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AAP stands by recommendations on universal developmental screening :

September 1, 2016

One in four children ages 0-5 years is at risk for a developmental delay, according to the Centers for Disease Control and Prevention (CDC). Developmental surveillance is an integral component of the pediatric preventive care visit to identify children with delays and get them treatment early.

The Academy and CDC continue to recommend universal developmental screening using a standardized instrument at regular intervals during early childhood, despite recent recommendations to the contrary from the U.S. Preventive Services Task Force (USPSTF).

Studies have shown that early intervention can significantly improve outcomes for children with developmental delays and their families. Failure to screen can lead to delays in further evaluation, diagnosis and treatment, as well as burden families with unnecessary stress and uncertainty. Later interventions are less effective and costlier.

The Academy released a policy statement in 2006 (Pediatrics. 2006;118:405-420,, most recently revised in 2014, that provided an algorithm for guidance on developmental surveillance and screening. It recommended that a standardized screening tool to assess general development be utilized at the 9-, 18- and 30-month well-child visits, as well as any time a family or clinician has concerns.

Building on the importance of the developmental surveillance and screening policy, the Academy released a clinical report in 2013 (Pediatrics. 2013;131:e2016-e2027, that focused on early identification of children with motor disorders, such as cerebral palsy, muscular dystrophies and spinal muscular atrophy. This report emphasized that pediatricians should use a standardized tool at the 9-, 18-, 30- and 48-month visits to screen for subtler motor disorders, such as developmental coordination disorder.

When a motor disorder is suspected, the pediatrician should simultaneously begin the diagnostic process, refer to a specialist for final diagnosis and refer for therapy. With this process, it is hoped that diagnoses and treatment can be instituted earlier, with improved outcomes.

An intriguing recent study by Ghassabian, et al. (Pediatrics. 2016;138:e20154372, found that earlier achievement of gross motor milestones was associated with higher developmental achievement, including adaptive skills and cognitive ability, and may be an important predictor of later development in childhood. Particularly, the earlier achievement of standing with assistance predicted better developmental skills overall. This observed association should drive increased interest in tracking motor development by both pediatricians and families (see resources).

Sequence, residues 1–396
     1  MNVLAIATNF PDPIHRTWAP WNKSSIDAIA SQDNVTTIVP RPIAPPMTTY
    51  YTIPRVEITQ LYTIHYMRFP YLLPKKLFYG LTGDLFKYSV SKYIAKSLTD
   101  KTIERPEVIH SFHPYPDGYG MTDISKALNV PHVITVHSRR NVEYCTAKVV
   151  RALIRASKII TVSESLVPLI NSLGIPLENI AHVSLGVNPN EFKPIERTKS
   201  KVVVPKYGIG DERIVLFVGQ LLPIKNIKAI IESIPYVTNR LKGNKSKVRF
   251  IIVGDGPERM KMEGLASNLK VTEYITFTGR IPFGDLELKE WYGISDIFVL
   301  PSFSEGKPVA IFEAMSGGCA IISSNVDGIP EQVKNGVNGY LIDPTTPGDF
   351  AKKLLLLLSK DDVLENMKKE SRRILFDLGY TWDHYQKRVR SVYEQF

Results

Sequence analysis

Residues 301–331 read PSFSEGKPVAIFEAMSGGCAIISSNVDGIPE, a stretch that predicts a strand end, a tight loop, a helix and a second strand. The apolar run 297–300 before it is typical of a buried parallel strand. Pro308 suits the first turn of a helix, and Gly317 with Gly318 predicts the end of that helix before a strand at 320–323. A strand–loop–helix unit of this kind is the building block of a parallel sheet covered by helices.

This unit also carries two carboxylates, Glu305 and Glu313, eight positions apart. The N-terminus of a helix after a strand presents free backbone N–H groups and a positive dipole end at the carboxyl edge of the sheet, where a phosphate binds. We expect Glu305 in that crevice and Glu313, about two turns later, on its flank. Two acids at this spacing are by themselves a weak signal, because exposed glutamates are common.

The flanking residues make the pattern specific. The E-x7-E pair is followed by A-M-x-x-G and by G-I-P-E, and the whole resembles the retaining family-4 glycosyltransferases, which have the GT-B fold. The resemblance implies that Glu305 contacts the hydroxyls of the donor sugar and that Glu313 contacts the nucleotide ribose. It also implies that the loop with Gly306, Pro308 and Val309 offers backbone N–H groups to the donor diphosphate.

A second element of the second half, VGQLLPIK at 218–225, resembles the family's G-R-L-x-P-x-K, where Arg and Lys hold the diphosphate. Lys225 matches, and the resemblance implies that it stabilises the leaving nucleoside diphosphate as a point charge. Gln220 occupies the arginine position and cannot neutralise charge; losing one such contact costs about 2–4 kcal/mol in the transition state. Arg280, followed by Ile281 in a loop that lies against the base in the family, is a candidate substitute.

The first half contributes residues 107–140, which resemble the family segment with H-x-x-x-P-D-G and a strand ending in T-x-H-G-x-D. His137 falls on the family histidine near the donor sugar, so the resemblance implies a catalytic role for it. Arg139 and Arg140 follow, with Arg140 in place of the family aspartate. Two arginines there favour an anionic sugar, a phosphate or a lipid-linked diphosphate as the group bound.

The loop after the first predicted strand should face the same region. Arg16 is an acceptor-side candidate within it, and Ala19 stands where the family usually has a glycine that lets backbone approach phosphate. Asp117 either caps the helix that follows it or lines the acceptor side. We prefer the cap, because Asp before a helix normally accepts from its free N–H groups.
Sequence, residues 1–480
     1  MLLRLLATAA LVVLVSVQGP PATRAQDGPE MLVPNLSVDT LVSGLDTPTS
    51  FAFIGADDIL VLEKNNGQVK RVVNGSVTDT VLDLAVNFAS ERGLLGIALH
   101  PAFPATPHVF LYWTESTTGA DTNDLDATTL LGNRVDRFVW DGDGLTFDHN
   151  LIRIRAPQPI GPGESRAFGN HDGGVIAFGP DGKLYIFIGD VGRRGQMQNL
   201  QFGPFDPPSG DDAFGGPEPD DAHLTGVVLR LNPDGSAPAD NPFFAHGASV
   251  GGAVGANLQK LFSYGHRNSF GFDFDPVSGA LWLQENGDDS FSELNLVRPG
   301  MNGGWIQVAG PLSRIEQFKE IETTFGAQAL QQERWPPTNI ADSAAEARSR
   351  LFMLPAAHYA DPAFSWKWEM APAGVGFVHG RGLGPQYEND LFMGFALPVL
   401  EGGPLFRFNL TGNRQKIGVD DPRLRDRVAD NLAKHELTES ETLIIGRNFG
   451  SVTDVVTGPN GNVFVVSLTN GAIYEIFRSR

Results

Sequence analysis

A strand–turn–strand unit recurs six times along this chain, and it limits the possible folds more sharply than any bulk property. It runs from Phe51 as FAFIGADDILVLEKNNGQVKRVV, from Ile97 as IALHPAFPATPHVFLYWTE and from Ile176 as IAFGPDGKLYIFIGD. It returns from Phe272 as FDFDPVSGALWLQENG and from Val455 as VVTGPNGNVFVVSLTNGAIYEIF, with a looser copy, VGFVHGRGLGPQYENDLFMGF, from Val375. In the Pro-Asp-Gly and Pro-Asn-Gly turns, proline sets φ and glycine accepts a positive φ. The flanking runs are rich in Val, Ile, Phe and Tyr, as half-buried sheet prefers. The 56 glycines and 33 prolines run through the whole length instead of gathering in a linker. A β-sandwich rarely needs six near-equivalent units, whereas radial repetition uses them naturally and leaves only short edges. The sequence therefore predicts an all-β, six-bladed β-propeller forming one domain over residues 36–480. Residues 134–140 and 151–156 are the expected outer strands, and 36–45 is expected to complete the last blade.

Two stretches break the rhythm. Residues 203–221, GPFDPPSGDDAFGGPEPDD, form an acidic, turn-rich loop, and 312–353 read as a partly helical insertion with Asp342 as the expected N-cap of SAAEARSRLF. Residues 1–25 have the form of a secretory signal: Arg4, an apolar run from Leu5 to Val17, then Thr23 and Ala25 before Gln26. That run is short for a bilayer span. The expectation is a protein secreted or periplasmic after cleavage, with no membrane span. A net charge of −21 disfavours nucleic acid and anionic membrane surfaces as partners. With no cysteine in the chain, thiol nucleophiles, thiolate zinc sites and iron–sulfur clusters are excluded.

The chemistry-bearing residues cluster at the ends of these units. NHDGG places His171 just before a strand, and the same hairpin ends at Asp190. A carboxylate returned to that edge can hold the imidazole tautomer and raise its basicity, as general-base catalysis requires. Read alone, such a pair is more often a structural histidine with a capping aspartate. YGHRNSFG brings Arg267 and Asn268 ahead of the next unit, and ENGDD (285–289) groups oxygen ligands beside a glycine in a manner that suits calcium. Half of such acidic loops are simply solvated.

In 2015, however, the USPSTF stated that the evidence is insufficient to assess the balance of benefits and harms of screening for speech/language delay in asymptomatic children 0-5 years of age and did not recommend universal screening. In February, the USPSTF released a similar statement, which concluded that there is not enough evidence to assess the benefits and harms of screening for autism spectrum disorder in asymptomatic children ages 18-30 months.

In both cases, AAP leadership responded to the USPSTF.

“… strong evidence already exists on the benefit of formal screening using standardized tools,” AAP President Benard P. Dreyer, M.D., FAAP, said after the USPSTF issued its recommendation on autism screening. “This type of screening can identify children with significant developmental and behavioral challenges early, when they may benefit most from intervention, as well as those with other developmental difficulties. For screening to be effective, by design it must be applied to all children –— not only those who exhibit overt symptoms, or those an individual clinician judges would benefit.”

No evidence has emerged that efforts at early identification have resulted in harm. The formal, standardized, validated screening process is needed to ensure all children have timely access to developmental diagnoses and treatments.

Dr. Albano is a post-residency training fellow in developmental and behavioral pediatrics. Dr. Noritz is a member of the AAP Council on Children with Disabilities Executive Committee.

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